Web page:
From those beginings as an U11 young athlete back in 2005, she found herself over the years running faster, winning Championships and Titles at County, Regional and National level as well as English Schools plus being selected to represent her country. On Friday July 30th 2021 – 16 years after running 5k as an U11, she lined up in the qualifying heat for the 5000m at the Olympic Games in a stellar field of who’s who in Women’s 5000m running, and ran a time of 15.09.47 just three seconds outside her best missing out on qualifying for the finals as did team mate Eilish McColgan who ran 15.09.68.
What a journey – from a local 5k at the tender age of 11yrs to an Olympic 5000m race. But she wasn’t finished. She had qualified for the 10000m Final alongside Eilish McColgan and would line up on Saturday August 7th with some of the greatest athletes ever assembled including the world record holder Letesenbet Gidey who had run 29.01 this year to smash the world record and Sifan Hassan who had run 29.06 and had already won the Olympic 5000m title just five days earlier. She was also lined up against the conditions, which saw five athletes not finishing because of the heat and humidity. The conditions were brutal and punishing. Yet Jess, who started as the slowest qualifer of all of the 29 finalists, finished in 17th place which is an enormous tribute to her in a time of 31.56.80. However, the question remains – why did the organisers sanction a race and other races at the Olympics with conditions of 90 degrees and 80% humidity? Where was the Risk Assessment to protect athletes from these conditions? What were the control measures in such risk assessments? If they existed, were they all just rolled up into one control – athletes own physical and mental courage in fighting for their own survival?
Jess summed up her Olympics when she spoke to the Harriers on her return. “I really enjoyed my Olympic experience, I learnt so much and for the first time believed I could compete with those girls. I was annoyed to be so close to the perfect race in the 5k, with 2 laps left unfortunately my legs gave out and humidity killed me, just sapped my energy! But I gave it everything and know I can compete on that stage, so it nearly worked! In the 10k I knew the humidity would affect me, so I ran my own race, I was the slowest going in and to come 17th out of 29 people was a good run out. My aim was to kick on with 2k to go but unfortunately the humidity just made me so tired and my aim became to finish the race!“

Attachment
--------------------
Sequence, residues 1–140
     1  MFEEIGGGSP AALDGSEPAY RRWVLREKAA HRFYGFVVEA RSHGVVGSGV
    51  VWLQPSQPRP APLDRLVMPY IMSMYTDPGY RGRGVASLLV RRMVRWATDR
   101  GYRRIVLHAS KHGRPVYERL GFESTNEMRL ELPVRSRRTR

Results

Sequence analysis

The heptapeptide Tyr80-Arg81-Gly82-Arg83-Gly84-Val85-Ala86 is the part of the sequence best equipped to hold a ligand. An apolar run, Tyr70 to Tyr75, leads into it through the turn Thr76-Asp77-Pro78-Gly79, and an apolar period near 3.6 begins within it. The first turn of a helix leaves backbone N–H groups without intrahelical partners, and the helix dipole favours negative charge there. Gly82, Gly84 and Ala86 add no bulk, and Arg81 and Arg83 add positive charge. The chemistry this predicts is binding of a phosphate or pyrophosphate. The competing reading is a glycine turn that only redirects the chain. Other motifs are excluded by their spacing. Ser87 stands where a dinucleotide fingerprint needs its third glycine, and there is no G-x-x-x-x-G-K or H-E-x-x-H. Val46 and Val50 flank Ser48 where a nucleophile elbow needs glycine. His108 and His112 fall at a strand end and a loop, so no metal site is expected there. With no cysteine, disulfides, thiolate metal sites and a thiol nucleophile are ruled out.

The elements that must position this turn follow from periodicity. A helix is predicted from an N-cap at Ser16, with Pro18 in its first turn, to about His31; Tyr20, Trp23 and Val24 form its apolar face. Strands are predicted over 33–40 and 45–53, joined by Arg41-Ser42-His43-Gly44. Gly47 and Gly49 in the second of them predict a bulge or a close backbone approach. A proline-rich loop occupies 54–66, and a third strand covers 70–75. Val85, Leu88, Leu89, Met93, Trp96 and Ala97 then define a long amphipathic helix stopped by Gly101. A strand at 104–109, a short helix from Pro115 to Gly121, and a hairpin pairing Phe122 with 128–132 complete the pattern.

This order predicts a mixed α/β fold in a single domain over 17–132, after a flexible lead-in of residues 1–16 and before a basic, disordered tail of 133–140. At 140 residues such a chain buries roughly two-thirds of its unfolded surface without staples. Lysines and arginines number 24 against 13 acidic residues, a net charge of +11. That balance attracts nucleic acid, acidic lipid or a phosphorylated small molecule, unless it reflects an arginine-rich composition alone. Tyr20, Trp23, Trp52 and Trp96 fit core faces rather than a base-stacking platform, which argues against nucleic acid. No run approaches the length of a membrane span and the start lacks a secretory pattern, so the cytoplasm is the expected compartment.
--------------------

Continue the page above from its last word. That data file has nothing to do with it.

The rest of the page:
In those fifteen years, there have been some wonderful times for Jess as she taken on all challenges, simply for the joy of running, she loves to run and see what she can achieve and how she can challenge herself. She is a real role model for young athletes and indeed, athletes everywhere. She has proven that you can have a dream as a child and make it come true, but with that old caveat hanging around all of the time – it can be realised if you are prepared to put in the work, commit yourself, accept the challenges and take them head on. It means dealing with set backs as well as triumphs, but it all becomes worth while when you stand on the start line in an Olympic Final, ready to compete with the best in the world. Jess has great attitude, her mentality, her sheer strength of character is something we really admire in her. Grounded, friendly, approachable and respectful of other athletes. The greatest compliment we can give to Jess is to acknowledge what the athletics world thinks about her – she is a Runners Runner.